Discussion on Monday will focus on how the trustees will vote, “if we vote,” Mr. Bock said on Tuesday. “There’s a possibility we may not vote,” given the uncertainty surrounding their jurisdiction.
Mr. Bock said that Monday’s special session would be followed by another, possibly on Wednesday. After hearing from some 60 speakers at the May 17 joint hearing, the trustees received approximately 50 more comments during the four-week period, many coming from those who had spoken at the hearing. “From what I’ve seen it’s probably a fairly even split,” in favor of and opposed to the wind farm, he said.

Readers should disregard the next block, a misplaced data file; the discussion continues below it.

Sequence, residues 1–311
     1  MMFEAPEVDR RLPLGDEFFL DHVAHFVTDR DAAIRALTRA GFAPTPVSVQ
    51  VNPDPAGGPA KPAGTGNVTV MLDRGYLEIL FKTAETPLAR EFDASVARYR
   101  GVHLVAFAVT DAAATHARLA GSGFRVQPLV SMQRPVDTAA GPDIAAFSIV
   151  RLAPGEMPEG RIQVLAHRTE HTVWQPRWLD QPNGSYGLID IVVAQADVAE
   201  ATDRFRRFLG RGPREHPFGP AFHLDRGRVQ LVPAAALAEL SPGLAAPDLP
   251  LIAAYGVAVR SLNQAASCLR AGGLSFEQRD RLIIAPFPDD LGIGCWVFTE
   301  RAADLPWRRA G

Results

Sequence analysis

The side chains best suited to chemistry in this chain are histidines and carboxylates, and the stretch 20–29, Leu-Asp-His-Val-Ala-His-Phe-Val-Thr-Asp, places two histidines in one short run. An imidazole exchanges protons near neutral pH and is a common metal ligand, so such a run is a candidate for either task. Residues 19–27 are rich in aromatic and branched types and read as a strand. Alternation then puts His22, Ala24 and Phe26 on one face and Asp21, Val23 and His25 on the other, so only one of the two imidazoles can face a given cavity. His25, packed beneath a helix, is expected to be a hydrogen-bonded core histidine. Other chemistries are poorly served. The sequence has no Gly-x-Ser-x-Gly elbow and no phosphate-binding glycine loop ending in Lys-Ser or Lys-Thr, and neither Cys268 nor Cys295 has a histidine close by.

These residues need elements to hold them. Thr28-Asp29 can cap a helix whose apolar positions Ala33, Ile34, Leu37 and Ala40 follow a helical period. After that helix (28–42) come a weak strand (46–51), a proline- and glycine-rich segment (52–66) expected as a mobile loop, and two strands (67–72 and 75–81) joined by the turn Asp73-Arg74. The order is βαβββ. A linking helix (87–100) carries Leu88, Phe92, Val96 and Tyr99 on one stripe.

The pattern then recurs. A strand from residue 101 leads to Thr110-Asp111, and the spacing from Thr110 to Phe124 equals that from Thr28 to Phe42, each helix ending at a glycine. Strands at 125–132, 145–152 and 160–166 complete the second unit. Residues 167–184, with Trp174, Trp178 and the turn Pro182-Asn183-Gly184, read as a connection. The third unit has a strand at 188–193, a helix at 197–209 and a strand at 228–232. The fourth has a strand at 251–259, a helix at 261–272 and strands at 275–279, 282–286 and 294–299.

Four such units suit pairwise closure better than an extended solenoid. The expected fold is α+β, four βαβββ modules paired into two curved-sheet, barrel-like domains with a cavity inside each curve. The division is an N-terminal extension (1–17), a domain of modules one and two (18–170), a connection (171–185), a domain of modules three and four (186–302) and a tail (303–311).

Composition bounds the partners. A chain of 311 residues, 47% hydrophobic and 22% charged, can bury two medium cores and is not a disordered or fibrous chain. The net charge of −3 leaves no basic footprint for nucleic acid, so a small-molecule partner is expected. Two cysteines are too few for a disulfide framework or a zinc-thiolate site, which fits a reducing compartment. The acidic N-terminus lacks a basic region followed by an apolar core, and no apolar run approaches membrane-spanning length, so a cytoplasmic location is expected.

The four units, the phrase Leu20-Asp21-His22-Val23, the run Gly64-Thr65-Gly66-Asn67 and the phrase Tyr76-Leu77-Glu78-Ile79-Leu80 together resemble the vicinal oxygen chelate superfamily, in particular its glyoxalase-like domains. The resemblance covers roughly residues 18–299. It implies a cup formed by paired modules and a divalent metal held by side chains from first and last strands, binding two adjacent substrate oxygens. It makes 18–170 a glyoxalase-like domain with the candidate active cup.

Meanwhile, Deepwater Wind officials are awaiting decisions from the trustees and town board before they submit applications to multiple federal and state permitting agencies, vetting of which is expected to take up to two years. They had hoped to submit those applications in the first quarter of this year in order to maintain a timetable that could see the wind farm operational late in 2022.
“We have been delaying our permit application for several months, waiting to know whether or not we have the approvals we need from the town and trustees, before we can submit our permit applications,” Clint Plummer, Deepwater Wind’s vice president of development, said on Tuesday. “It’s getting very tight on time. We’ve delayed for several months, and we need to submit permit applications very soon.”